Hans Christian Andersen, referred to using the initials H. C. Andersen in Denmark and the rest of Scandinavia; April 2, 1805 – August 4, 1875) was a Danish author, fairy tale writer, and poet noted for his children’s stories. These include “The Steadfast Tin Soldier,” “The Snow Queen,” “The Little Mermaid,” “Thumbelina,” “The Little Match Girl,” and “The Ugly Duckling.”

During his lifetime he was acclaimed for having delighted children worldwide, and was feted by royalty. His poetry and stories have been translated into more than 150 languages. They have inspired motion pictures, plays, ballets, and animated films.

It was during 1835 that Andersen published the first installment of his immortal Fairy Tales (Danish: ‘´’Eventyr). More stories, completing the first volume, were published in 1836 and 1837. The quality of these stories was not immediately recognized, and they sold poorly. At the same time, Andersen enjoyed more success with two novels: O.T. (1836) and Only a Fiddler.

Popular entertainer Victor Borge reads a collection of classic stories by fellow Danish countryman and beloved children’s author Hans Christian Andersen. Colorful drawings and Borge’s lively narration and music bring Andersen’s tales to life. Stories include “The Ugly Duckling,” “The Emperor’s New Clothes,” “The Steadfast Tin Soldier,” “The Shepherdess and the Chimney Sweep” and “Father’s Always Right.”

Victor Borge 3 January 1909 – 23 December 2000, born Børge Rosenbaum, was a Danish comedian, conductor and pianist, affectionately known as The Clown Prince of Denmark, The Unmelancholy Dane, and The Great Dane.

Borge was born Børge Rosenbaum in Copenhagen, Denmark, into a Jewish family. His parents, Bernhard and Frederikke Rosenbaum, were both musicians—his father a violist in the Royal Danish Orchestra and his mother a pianist. Like his mother, Borge began piano lessons at the age of two, and it was soon apparent that he was a prodigy. He gave his first piano recital when he was eight years old, and in 1918 was awarded a full scholarship at the Royal Danish Academy of Music, studying under Olivo Krause. Later on, he was taught by Victor Schiøler, Liszt’s student Frederic Lamond, and Busoni’s pupil Egon Petri.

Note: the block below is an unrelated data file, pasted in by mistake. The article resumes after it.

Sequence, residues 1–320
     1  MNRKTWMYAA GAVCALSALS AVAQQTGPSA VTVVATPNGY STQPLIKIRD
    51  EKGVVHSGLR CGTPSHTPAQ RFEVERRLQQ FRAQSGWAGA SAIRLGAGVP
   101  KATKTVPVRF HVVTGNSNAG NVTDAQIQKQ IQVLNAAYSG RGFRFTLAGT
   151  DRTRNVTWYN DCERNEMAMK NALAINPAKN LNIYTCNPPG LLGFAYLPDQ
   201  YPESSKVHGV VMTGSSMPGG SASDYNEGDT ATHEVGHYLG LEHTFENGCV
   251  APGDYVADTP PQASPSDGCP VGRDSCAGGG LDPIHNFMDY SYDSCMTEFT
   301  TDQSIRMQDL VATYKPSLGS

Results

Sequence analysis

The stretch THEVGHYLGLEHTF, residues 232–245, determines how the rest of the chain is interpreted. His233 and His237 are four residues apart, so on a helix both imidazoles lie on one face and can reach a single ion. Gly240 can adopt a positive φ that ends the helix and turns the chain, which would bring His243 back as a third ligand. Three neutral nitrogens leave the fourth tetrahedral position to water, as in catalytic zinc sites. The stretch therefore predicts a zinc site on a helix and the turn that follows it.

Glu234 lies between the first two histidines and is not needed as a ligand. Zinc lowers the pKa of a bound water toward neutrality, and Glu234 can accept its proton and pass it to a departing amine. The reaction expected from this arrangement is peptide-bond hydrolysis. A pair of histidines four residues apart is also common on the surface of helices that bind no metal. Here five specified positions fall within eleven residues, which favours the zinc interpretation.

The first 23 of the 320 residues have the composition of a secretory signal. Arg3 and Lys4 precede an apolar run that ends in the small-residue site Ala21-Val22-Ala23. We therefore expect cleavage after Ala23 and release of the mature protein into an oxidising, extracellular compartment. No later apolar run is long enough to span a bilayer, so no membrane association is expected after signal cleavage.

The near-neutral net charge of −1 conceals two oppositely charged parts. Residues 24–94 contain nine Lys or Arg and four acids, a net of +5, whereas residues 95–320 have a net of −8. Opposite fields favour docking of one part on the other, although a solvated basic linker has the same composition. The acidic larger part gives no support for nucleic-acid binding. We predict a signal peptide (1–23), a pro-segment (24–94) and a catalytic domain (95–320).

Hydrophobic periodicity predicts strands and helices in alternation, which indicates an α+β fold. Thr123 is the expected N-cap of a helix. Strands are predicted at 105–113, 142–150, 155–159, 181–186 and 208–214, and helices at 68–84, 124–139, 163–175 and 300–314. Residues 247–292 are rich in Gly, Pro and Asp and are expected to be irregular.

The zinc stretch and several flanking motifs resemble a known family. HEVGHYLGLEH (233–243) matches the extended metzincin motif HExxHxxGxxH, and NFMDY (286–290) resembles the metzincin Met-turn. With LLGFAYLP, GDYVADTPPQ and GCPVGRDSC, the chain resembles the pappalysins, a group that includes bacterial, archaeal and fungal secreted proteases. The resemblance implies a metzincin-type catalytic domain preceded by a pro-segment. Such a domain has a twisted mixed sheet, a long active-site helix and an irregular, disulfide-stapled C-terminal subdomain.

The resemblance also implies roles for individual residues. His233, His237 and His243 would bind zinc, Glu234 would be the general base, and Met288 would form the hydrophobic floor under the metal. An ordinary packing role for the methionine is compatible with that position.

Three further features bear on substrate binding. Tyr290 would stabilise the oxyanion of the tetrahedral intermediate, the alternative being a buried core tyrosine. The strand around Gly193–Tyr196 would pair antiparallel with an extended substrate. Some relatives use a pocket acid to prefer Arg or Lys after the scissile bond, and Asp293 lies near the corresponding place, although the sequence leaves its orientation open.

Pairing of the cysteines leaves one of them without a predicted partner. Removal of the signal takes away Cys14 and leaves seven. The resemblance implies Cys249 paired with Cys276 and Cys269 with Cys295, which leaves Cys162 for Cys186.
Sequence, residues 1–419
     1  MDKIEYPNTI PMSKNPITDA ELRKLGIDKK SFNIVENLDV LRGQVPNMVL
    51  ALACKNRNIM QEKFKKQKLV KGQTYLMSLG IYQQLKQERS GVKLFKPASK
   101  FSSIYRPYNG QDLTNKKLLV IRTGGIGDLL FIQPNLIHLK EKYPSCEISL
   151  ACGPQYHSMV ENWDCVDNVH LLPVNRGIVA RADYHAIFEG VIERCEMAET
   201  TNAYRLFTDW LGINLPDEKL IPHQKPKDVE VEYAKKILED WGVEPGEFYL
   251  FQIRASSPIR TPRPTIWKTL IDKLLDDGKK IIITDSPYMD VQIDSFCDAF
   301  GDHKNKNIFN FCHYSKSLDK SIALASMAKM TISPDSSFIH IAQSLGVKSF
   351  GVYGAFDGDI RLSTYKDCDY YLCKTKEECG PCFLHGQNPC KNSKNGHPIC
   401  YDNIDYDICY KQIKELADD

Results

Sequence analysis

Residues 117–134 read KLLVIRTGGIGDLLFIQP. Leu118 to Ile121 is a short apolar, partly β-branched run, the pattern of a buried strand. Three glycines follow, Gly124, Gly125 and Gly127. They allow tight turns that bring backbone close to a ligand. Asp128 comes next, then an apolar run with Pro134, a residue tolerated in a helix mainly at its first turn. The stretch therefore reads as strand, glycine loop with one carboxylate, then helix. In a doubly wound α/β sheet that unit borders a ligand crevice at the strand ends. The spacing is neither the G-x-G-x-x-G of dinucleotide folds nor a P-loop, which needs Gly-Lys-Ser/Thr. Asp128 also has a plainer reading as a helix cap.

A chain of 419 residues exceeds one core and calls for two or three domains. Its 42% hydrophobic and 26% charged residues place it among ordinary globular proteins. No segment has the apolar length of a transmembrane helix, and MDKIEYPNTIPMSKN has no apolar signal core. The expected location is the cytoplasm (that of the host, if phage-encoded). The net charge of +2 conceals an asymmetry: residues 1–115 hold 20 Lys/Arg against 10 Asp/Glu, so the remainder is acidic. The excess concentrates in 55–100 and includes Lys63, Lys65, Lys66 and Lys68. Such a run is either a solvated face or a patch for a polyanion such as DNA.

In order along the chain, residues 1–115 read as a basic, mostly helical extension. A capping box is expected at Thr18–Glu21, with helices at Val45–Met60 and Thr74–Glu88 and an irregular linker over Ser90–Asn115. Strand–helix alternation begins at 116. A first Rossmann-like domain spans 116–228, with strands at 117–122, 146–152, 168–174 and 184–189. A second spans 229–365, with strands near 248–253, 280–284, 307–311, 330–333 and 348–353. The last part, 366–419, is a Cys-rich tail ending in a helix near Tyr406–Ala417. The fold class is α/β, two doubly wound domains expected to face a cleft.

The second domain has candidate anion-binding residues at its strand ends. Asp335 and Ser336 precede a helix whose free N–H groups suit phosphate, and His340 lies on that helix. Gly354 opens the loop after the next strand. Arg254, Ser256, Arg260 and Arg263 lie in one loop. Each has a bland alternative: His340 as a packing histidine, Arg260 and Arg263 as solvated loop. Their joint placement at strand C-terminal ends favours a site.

Borge played his first major concert in 1926 at the Danish concert-hall Odd Fellow Palæet (The Odd Fellow’s Lodge building). After a few years as a classical concert pianist, he started his now famous “stand up” act, with the signature blend of piano music and jokes. He married American Elsie Chilton in 1933, the same year he debuted with his revue acts. Borge started touring extensively in Europe, where he began telling anti-Nazi jokes.

When the Nazis occupied Denmark during World War II, Borge was playing a concert in Sweden, and managed to escape to Finland. He traveled to America on the USS American Legion, the last neutral ship to make it out of Petsamo, Finland, and arrived 28 August 1940, with only 20 dollars (equal to $332 today), with $3 (equal to $49.77 today) going to the customs fee. Disguised as a sailor, Borge returned to Denmark once during the occupation to visit his dying mother.

Even though Borge did not speak a word of English upon arrival, he quickly managed to adapt his jokes to the American audience, learning English by watching movies. He took the name of Victor Borge, and, in 1941, he started on Rudy Vallee’s radio show, but was hired soon after by Bing Crosby for his Kraft Music Hall.

From then on, fame rose quickly for Borge, who won Best New Radio Performer of the Year in 1942. Soon after the award, he was offered film roles with stars such as Frank Sinatra (in Higher and Higher). While hosting The Victor Borge Show on NBC beginning in 1946, he developed many of his trademarks, including repeatedly announcing his intent to play a piece but getting “distracted” by something or other, making comments about the audience, or discussing the usefulness of Chopin’s “Minute Waltz” as an egg timer. Or he would start out with some well-known classical piece like Beethoven’s “Moonlight Sonata” and suddenly move into a harmonically suitable pop or jazz tune like Cole Porter’s “Night and Day” or “Happy Birthday to You”.

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